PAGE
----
Meeting with…Tom Szaky, General Manager of TerraCycle
On the eve of the launch of the Loop e-commerce platform, zoom on TerraCycle programs. And on their connections with the luxury markets.
- TerraCycle offers a large number of free recycling programs: how many are available worldwide today?
We count more than 200 free recycling programmes around the world with 70 programmes for Europe. 202,831,611 people recycle with us across the world and 7,762,174,415 pieces of waste have been diverted by TerraCycle instead of incinerating it and landfilling it.
- TerraCycle collects and recycles waste that is difficult to recycle: in the luxury industry, which segments are most involved?
We work more with cosmetics brands than the other branches of the luxury industry like fragrances or wines and spirits. Those luxury products usually come in a glass bottles or flacons which mean that they can be recycle by the traditional recycling stream. Several cosmetics brands partner with TerraCycle to offer a free recycling solution to their customers. For instance, L’Occitane-en-Provence launched an in store take back scheme in UK, in France, in the US. We also partner with Garnier in UK and the US and with Maybelline in Japan. But I would say we work mostly with food companies like Harrys for the Bread packaging Recycling Programme and domestic products brands like in the Febreze recycling Programme.
- Overall, is France a “good student”?
France is one of our main markets in Europe, just behind UK. We currently run 16 free recycling Programmes in France. In France, the cosmetics brand Kiehl’s uses TerraCycle’s Zero Waste Box solution in their stores to enable customers to recycle their used personal care / beauty packaging in their stores. Since TerraCycle launched the Zero Waste box solution in France in 2014, hundreds of companies have purchased Zero Waste Boxes to recycle a variety of types of waste. Specifically, in the luxury/cosmetic industry L’Oréal (for Kiehls and Lancôme), P&G at Monoprix perfume shop (“rayon parfumerie”), Caudalie, Montblanc use Zero Waste Boxes to recycle their packaging. We’ve also worked with Mac Cosmetics, Les Happycuriennes, Biolage and Pierre Fabre in the past.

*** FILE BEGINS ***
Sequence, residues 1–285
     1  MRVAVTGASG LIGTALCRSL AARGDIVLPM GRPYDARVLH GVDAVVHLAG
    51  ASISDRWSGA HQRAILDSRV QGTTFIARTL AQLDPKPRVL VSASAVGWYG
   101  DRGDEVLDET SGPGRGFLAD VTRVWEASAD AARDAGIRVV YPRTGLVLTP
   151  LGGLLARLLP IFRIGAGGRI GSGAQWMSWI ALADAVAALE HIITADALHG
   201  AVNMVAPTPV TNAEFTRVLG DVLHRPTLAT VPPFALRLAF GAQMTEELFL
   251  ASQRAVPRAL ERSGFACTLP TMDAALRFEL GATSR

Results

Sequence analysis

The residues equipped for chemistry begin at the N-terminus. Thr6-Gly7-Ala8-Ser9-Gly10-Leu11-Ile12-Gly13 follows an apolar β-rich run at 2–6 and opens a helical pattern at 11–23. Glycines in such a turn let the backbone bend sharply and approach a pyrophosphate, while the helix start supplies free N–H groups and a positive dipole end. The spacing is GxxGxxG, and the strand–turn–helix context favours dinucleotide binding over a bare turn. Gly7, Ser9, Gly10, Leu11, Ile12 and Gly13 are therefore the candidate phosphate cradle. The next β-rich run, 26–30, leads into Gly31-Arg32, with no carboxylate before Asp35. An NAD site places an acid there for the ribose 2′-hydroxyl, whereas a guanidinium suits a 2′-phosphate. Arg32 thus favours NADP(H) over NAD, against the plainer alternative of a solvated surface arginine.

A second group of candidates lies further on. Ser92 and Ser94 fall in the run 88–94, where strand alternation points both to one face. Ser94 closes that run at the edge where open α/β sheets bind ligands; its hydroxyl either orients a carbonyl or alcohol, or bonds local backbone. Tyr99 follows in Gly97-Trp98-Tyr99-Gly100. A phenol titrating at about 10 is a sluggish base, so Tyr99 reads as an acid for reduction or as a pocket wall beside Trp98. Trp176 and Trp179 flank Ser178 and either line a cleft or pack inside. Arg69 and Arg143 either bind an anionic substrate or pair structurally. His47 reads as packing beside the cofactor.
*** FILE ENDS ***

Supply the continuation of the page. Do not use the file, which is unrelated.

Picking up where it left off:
- What is the most recycled waste in the luxury industry? And what are the most difficult to recycle?
Many kinds of beauty and personal care packaging are made of PET. PET is the most recycled type of plastic in the world. On the other hand, other type of waste from the luxury industry are more difficult to recycle, because of the material that compose them. The black and dark plastics of many cosmetics are harder to recycle because the optical scanners used to identify types of plastic Materials Recovery Facility is using the reflection of light deem black plastic unrecyclable in the current system. This is because black plastic does not reflect light. The packaging that are multi-compositional or multimaterial are another problem. The thin, flexible stand-up pouches that hold shampoo, bubble bath, lotions and gels are not recyclable kerbside, because they jam up the machinery and are considered too low-value to capture. Further, the add-ons and fitments that give these packages high-function (such as flip top caps, spouts, trigger heads) not only need to be separated from the rest of the package because they are made from different types of plastic, fall through the cracks of the screeners at recycling facilities due to their small size. The smaller makeup and cosmetics compact’s and instruments are not considered recyclable for this reason.